Karl du Fresne

Karl du Fresne

Devious, Manipulative and Deceitful

We learned a few days ago that on the day before the September 23 general election, Winston Peters kick-started legal action against National cabinet ministers - including then prime minister Bill English - party officials, a senior public servant and two journalists over the leaking of his superannuation overpayment. He took this action without disclosing it to either the National or Labour parties.


Karl du Fresne

Post-election hiatus illustrates the perversity of MMP

The only thing that can be said with any certainty about the next New Zealand government is that it will look very different from the last one. National party prime minister Bill English won an emphatic 13-seat majority over the opposition Labour party in an election result that defied the pattern of history.


Karl du Fresne

The gang-up on Don Brash

It’s hard to recall a more concerted gang-up against a public figure than the one that followed the launch of former National Party leader Don Brash’s Hobson’s Pledge movement, which wants an end to race-based preference.


Karl du Fresne

Whatever this is, it's not democracy

I’ve always thought democracy is a pretty good sort of system. Not perfect, of course, but as Winston Churchill said: “Democracy is the worst form of government, except for all those other forms that have been tried from time to time.”


Karl du Fresne

Heavy-handed Policing

Human nature is a perverse thing. It consistently thwarts all attempts to coerce us into behaving the way bureaucrats, politicians and assorted control freaks think we should.


Karl du Fresne

The right to free speech - more fragile than ever

What do a world-famous historian, a British author and a New Zealand cartoonist have in common? On the face of it, not much – except that all three have been embroiled recently in controversies that show how fragile the right of free speech has become in supposedly liberal democracies.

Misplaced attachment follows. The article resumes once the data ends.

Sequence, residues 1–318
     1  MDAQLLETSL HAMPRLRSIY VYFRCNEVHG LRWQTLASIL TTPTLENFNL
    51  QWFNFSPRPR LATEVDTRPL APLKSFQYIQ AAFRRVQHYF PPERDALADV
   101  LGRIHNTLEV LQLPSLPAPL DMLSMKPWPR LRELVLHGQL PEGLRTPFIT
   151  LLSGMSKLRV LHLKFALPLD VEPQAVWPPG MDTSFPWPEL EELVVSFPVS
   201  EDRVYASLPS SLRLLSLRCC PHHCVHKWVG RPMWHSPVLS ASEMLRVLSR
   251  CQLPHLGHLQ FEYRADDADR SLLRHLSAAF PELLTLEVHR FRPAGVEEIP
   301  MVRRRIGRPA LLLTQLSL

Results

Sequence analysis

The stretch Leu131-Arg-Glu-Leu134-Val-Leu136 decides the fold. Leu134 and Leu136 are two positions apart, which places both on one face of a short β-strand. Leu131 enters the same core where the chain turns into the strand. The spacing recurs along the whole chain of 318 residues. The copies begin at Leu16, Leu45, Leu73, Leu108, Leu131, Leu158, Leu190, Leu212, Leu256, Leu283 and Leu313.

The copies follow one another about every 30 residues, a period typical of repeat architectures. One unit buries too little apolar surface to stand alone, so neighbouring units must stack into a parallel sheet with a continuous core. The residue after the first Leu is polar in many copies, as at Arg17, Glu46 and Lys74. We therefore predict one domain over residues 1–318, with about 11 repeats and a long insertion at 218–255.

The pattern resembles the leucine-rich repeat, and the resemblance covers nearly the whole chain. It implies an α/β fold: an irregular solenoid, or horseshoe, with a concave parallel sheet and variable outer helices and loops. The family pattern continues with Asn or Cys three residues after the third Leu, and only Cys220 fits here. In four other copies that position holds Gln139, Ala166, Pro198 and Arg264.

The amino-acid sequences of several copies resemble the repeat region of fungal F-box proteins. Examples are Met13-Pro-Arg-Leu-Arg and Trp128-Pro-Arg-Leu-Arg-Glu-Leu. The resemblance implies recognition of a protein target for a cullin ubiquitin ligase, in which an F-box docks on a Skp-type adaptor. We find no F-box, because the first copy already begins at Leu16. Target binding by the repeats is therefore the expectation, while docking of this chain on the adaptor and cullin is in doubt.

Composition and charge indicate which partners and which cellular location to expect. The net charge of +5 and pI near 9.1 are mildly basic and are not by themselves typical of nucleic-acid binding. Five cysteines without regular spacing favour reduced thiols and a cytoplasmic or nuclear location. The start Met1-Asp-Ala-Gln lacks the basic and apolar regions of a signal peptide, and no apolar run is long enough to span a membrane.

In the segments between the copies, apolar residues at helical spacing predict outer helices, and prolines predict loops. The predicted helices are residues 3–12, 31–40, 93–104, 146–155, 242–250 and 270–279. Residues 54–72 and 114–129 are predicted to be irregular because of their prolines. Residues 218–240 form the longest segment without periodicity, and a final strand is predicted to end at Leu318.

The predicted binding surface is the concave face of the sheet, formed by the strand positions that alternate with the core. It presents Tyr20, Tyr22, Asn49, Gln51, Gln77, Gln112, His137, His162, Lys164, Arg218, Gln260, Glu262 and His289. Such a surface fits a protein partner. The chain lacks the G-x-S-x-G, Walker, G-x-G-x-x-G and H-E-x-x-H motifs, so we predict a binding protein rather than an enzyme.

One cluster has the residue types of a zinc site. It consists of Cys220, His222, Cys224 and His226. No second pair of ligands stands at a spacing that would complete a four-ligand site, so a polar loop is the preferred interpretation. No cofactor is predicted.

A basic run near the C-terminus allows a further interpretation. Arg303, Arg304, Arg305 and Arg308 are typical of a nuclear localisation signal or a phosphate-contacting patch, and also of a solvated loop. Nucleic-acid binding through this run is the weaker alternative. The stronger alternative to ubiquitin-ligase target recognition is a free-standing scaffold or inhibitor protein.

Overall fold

Karl du Fresne

Newspapers lose readers and revenue

Some time back in the 1990s, I wrote an article that began: “The newspaper you are holding in your hands is an endangered species.” The risk to newspapers that worried me then had to do with media freedom. That remains a matter of concern to journalists – probably always will be – but it has been replaced by a far more urgent threat. Dismal financial results reportedly recently by the two big newspaper groups, APN News and Media and Fairfax Media, confirmed what had long been obvious: that the newspaper industry is reeling from the impact of the internet.


Karl du Fresne

Three more years

Let’s get the congratulations out of the way first. National’s election triumph was as emphatic as they get, at least under MMP. Admittedly, it’s rare for a government to be tossed out of office after only one term: it last happened in 1975, and the circumstances then were unusual. Norman Kirk had died in office and the Labour Party leadership had been assumed by the mild-mannered Bill Rowling, who was ill-prepared to deal with the aggression and firepower of a political streetfighter named Muldoon.


Karl du Fresne

It’s Time to Call the Teachers’ Bluff

History tells us that when a government takes on a trade union, there can be only one outcome. In 1912, William Massey’s government famously crushed a strike by Waihi gold miners. The following year, the same administration recruited special mounted constables from rural areas – dubbed “Massey’s Cossacks” because of their riding skills – to subdue striking waterfront workers.


Karl du Fresne

The Road to Hell…

In a column in The Dominion Post in February 2008, I wrote that a law change requiring intellectually disabled workers to be paid the legal minimum wage was a triumph of human rights ideology over common sense. My column attracted a response from Ruth Dyson, then the Minister for Disability Issues, who told me in an email that in fact it was a triumph of fairness and common sense over ideology.